Banda de Ipanema
Banda de Ipanema is one of the highlights of Rio de Janeiro's street Carnival festivities. The first parade happened in 1965, when Brazil was under a military dictatorship. In 2004 it was declared part of the city's cultural heritage. The first parade happens on Saturday two weeks before Carnival, and they march again on Carnival Saturday and Carnival Tuesday (Mardi-Gras). The event attracts as many as 20 thousand people to the streets of Ipanema.
History of Banda de Ipanema
The format of the band was inspired by the Philarmonica Embocadura, a Carnival street band in the city of Uba, in the neighboring state of Minas Gerais. Designer Ferdy Carneiro rented a bus in 1959 to take some of his Carioca friends to spend Carnival in his hometown. The event was headed by the presidents of the band, dressed in white suits and hats while pretending to play musical instruments. The actual band was in the back, and the whole town followed along.
The idea lingered on, and a few years later Ferdy, Albino and Claudio Pinheiro, Jaguar, Ziraldo and Zelio, Hugo Bidet, Roniquito Chevalier and other personalities organized the first parade. They hired the band of the Navy School, gathered to warm up at Bar Jangadeiros, around Praca General Osorio, and started marching on the streets with just a few dozen friends - the founders dressed up as "presidents". When they reached the next pit stop, Bar Velloso (later renamed Garota de Ipanema), there were already something like 500 people! Ipanema residents loved the idea, climbed down from their apartments and simply joined in.
Banda de Ipanema had many personalities invited to be the godmother, but the one that best represented the irreverent spirit of the Banda was actress Leila Diniz. This Ipanema local was loved by her carefree attitude - among other feats, she was the first pregnant woman ever to proudly display her belly in a bikini at Ipanema Beach. After Albino Pinheiro died, his brother Claudio Pinheiro took over the task of organizing the parades.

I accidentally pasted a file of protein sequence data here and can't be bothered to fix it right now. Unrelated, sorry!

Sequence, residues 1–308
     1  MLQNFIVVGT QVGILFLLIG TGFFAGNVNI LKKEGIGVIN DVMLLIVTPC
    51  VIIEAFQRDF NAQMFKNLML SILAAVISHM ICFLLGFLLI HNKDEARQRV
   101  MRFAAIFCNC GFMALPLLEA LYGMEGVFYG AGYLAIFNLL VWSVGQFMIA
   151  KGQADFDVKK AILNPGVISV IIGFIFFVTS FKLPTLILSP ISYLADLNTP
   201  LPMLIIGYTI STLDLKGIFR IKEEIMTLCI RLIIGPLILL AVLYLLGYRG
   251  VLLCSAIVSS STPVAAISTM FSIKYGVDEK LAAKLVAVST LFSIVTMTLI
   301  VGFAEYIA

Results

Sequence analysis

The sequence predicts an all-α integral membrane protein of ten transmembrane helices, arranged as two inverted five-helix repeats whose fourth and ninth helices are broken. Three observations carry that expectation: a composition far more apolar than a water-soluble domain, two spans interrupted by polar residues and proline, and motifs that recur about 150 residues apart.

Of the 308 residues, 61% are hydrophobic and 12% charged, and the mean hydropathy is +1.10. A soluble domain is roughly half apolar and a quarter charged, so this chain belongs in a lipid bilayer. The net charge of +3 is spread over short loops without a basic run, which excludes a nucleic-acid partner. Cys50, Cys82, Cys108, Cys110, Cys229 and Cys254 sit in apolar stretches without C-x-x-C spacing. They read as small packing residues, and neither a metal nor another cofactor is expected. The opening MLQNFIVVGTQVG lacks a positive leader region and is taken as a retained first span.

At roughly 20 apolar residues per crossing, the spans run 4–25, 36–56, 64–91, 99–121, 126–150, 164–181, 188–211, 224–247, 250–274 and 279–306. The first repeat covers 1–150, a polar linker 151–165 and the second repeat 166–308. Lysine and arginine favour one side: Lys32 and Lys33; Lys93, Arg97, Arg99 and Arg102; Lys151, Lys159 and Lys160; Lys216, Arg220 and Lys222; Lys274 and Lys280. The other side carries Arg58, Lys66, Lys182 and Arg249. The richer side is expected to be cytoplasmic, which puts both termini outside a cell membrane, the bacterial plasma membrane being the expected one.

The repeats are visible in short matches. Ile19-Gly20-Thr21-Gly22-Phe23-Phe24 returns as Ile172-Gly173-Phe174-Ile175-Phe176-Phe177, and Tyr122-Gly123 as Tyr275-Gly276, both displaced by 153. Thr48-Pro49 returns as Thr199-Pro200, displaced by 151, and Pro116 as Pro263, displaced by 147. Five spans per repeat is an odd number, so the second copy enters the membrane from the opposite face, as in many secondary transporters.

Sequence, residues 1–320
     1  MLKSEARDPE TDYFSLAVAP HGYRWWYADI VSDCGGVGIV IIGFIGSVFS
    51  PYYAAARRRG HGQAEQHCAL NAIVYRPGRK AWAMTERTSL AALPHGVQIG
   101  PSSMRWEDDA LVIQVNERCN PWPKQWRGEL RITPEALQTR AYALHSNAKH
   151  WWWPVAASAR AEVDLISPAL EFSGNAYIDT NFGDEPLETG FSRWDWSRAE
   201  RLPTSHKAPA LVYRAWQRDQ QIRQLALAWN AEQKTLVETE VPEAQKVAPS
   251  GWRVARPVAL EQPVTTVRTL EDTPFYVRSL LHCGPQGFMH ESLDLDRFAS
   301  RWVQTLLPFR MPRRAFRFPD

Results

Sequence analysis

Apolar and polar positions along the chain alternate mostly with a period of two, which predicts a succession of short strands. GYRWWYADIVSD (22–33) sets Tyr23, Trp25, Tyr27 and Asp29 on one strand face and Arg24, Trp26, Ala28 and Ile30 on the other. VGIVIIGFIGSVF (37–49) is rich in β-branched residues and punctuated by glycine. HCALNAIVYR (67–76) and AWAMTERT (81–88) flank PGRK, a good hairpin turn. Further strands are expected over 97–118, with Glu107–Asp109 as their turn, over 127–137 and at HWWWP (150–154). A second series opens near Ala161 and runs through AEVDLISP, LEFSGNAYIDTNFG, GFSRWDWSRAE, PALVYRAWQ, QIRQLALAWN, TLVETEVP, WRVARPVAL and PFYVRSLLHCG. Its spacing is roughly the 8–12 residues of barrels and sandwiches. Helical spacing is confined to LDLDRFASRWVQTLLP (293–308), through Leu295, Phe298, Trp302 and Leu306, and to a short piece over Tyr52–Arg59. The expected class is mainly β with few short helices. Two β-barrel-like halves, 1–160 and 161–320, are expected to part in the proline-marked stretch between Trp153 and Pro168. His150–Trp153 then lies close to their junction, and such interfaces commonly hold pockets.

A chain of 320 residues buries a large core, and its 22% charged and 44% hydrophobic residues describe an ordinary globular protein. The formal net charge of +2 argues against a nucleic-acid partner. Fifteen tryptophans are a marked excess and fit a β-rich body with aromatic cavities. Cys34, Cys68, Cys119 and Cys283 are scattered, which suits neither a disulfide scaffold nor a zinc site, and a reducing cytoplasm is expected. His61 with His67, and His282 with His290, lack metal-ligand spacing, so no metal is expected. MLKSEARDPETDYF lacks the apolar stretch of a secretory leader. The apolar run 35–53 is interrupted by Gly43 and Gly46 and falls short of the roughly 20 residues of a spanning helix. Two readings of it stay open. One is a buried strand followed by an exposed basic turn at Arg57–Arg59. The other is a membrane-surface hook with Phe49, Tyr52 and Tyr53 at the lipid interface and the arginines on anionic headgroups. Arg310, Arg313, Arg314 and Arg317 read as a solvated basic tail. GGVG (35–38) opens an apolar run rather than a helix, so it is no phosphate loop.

Modern Banda de Ipanema
These days one of the major attraction of Banda de Ipanema is the colorful parade of drag queens in impossible costumes and performances. They interact with locals and visitors, stop for photos, and make everyone feel welcome to the party. A funny fact is that they were not there in the beginning, they just started to show. Along the years they became a more than welcome addition with their revelry and flamboyance.
A very touching moment is when the Banda passes by the Church of Nossa Senhora da Paz. There is a tribute to composer Pixinguinha, who died in the church on a Carnival day - while attending to a baptism. The band stops and, after a moment of silence, they start playing Carinhoso, one of his most popular songs. Everybody sings along, in a sort of public catharsis.
Banda de Ipanema was declared part of the cultural heritage of Rio de Janeiro on January 23, 2004  by the Instituto Brasileiro de Patrimonio Cultural, in a recognition of the important role it played in the rebirth of Rio Carnival Street Festivities . To give you an idea of the proportions, in 2009 there were about 400 street bands registered officially. The largest one, Monobloco, reportedly gathered 400 thousand revelers on Sunday the week after Carnival along Av. Rio Branco, in the Downtown area.
Like all other street Carnival festivities in Rio, the event is free - you do not have to pay to join the fun. The gathering spot is at Praca General Osorio around 4 p.m., and the band starts marching around 5:30 p.m. The repertoire includes old-time marchinhas including some that date back to the days of Carmen Miranda. These are familiar songs that all Cariocas can sing along to. In the latest years there's also the Bandinha de Ipanema, that is specifically aimed at the children, and happens within the confines of Praca General Osorio.
- Ela e Carioca - Ruy Castro
- Os Degraus de Ipanema
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